Tiger Woods Airport Ads An Awkward, Anachronistic Reminder of What Was


tigerwoods2Tiger Woods‘ fall from media, merchandising and marketing grace began on the day after Thanksgiving and continued in an awkward, extended arc as more and more revelations (and mistresses) came to the fore — and then, as more and more sponsors started falling away.

One of those sponsors was Accenture. Per Abe Sauer at Brandchannel:

Tiger Woods’ most recent relationship disaster is his six-year endorsement deal with consulting firm Accenture. Unsurprisingly, the Accenture brand is taking a beating in the wake of the recent scandal, especially for its slew of now-hilarious ads drawing comparisons between Woods’ golfing talents and the consulting brand’s consulting abilities — such as crisis management.

Oops. And this, from Tim Arango at the NYT:

Mr. Woods had been featured in Accenture campaigns with the tagline, “Go On. Be a Tiger,” splashed in business magazines and airport waiting rooms since 2003.

Er, rawr? More like “ouch.” But on the bright side, Accenture’s decision was two weeks ago — plenty of time to get those pesky posters down before the rush of the holiday season, right?

Alas, not so much. Which is why I stopped in my tracks and gasped in the Dallas-Fort Worth airport at a poster of Woods standing amongst giant, proudly towering cactii that could not but remind the viewer of giant, proudly towering phalluses:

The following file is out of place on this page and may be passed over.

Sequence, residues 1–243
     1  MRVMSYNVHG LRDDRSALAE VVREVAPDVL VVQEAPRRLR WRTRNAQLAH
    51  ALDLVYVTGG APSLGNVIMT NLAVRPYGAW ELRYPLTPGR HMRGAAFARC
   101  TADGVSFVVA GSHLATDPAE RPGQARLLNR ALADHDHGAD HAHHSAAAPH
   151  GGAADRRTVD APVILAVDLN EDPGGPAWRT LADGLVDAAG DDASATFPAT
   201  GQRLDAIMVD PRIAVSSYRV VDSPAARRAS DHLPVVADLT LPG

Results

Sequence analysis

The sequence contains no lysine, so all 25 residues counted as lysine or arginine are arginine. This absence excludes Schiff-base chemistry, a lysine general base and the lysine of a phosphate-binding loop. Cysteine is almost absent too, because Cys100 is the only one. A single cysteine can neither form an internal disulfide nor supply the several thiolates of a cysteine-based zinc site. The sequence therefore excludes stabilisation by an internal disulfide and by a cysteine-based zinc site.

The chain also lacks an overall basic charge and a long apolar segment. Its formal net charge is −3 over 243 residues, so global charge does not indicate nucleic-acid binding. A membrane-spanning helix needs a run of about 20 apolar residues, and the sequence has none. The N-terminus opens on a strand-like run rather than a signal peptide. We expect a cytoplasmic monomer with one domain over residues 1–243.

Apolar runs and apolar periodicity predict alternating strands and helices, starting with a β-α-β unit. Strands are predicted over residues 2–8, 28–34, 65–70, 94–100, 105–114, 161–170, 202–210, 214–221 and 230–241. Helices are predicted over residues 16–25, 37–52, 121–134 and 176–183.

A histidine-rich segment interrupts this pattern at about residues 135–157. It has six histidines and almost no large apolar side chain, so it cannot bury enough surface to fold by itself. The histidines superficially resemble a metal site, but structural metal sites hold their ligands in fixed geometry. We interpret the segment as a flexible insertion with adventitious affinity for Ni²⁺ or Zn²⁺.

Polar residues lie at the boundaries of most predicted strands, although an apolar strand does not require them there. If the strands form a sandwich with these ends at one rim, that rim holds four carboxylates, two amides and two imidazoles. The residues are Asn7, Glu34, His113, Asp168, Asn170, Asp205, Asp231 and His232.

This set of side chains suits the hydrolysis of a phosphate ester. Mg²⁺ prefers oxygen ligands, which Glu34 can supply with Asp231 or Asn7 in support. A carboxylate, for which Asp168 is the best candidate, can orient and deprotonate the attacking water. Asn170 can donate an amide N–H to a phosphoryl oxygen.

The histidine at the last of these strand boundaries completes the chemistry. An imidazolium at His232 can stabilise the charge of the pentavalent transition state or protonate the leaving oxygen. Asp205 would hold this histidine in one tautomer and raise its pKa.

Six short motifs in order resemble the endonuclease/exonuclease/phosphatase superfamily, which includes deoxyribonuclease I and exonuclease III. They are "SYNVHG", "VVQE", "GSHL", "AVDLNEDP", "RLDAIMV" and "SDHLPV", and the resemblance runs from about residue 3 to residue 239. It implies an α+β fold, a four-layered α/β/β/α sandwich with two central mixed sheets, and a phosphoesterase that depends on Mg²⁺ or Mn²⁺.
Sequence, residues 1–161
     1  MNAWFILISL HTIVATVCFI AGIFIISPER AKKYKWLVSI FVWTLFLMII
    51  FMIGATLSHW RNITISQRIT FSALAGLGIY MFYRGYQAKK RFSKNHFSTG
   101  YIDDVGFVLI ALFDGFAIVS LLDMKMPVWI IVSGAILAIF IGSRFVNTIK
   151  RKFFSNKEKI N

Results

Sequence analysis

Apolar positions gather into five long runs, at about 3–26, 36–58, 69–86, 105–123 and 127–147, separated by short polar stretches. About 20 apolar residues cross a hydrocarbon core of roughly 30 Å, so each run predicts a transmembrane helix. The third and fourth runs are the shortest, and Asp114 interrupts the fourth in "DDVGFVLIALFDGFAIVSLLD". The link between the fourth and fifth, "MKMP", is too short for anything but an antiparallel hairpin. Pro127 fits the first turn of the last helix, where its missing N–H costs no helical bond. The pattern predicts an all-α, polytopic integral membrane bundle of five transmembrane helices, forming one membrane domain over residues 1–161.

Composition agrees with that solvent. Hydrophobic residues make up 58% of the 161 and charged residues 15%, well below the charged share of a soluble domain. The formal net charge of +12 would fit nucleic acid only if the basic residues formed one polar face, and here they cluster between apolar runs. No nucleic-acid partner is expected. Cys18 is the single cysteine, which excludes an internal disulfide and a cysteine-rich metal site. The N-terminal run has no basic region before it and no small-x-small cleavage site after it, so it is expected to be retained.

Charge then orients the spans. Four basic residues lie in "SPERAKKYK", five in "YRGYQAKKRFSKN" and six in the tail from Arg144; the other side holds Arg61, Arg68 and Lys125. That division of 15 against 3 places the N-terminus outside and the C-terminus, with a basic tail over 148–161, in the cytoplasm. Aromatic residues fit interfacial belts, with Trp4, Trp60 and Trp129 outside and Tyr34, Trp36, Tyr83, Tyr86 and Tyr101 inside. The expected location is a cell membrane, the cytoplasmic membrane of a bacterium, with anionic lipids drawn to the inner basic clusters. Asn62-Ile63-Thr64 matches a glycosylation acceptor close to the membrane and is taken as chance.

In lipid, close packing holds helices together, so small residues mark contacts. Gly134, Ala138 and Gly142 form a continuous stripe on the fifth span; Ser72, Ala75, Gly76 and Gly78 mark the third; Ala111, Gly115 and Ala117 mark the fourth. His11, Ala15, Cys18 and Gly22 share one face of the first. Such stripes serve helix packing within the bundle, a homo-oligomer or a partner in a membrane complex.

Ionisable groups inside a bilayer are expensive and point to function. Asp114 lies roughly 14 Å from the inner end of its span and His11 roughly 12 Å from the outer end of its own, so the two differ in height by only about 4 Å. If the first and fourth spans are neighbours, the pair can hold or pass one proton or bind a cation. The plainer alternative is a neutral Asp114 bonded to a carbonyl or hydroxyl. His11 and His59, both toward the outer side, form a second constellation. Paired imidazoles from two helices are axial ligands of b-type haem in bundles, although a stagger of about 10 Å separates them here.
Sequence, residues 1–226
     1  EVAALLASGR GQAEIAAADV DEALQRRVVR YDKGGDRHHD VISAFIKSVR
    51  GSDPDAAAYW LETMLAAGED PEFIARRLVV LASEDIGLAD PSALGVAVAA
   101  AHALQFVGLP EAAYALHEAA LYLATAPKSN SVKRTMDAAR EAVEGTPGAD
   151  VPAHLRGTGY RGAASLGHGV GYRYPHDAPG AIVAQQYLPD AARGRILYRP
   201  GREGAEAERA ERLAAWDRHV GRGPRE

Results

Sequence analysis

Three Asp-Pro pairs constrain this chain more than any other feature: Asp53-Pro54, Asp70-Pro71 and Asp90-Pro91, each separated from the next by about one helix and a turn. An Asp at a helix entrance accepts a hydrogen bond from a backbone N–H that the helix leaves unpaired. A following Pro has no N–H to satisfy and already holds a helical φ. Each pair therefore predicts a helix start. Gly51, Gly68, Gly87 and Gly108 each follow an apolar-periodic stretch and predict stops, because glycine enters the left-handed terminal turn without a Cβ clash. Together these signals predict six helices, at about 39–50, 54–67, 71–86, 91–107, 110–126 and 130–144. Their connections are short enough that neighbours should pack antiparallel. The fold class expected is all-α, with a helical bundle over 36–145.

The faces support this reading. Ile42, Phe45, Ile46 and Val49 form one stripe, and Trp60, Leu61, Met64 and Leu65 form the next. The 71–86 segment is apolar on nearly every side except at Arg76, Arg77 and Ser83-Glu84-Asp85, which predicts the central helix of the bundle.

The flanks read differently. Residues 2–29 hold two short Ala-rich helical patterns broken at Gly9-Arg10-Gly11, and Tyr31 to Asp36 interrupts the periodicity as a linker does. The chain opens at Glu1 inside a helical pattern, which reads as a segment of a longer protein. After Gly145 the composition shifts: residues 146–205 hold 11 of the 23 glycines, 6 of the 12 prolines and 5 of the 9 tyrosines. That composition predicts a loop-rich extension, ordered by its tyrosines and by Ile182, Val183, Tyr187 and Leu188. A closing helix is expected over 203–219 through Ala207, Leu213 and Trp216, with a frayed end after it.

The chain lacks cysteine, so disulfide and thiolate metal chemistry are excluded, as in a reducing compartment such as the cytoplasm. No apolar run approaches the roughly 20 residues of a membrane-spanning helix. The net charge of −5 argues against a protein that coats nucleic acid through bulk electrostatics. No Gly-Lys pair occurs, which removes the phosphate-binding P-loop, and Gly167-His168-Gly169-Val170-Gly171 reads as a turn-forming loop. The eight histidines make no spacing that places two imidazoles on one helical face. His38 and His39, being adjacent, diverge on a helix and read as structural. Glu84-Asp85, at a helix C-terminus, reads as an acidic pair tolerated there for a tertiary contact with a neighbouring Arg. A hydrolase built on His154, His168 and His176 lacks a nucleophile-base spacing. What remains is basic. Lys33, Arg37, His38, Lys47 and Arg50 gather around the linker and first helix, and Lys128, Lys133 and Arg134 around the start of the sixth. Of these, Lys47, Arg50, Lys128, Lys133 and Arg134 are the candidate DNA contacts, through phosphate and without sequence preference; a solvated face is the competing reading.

Slogan: “Opportunity isn’t always obvious.” Punchline: “No, especially when you fly to Australia for it and have it erased from answering machines.” Again, ouch.

This next awkward poster was found by Todd Levin, a writer on The Tonight Show with Conan O’Brien,  and tweeted accordingly (hat tip: Sean McCarthy). Here Tiger is contemplating how best to get into that crevasse. Tagline: “It’s what you do next that counts.”


(Oh come on, you saw it too.)

The airport billboard cycle does not move nearly as fast as the news cycle, especially in our wonderful new end-of-Aughts age of 24/7 cable and second-to-second Internet.  Not that Accenture can’t turn this one into a positive; it’s what you do next that counts.

p.s. I was reminded of this last night idly flipping through channels — I stopped on the face of Charlie Sheen, filling the screen. He was on the phone, making a date with a woman, as the laugh track surged in the background. Only a few hours before I had watched a report on HLN (or maybe CNN) (probably both) detailing his wife Brooke Mueller‘s 911 call, saying he was threatening her with a knife. So far it hasn’t affected the ratings for 2 1/2 Men, but will it? A question for the next decade, methinks.

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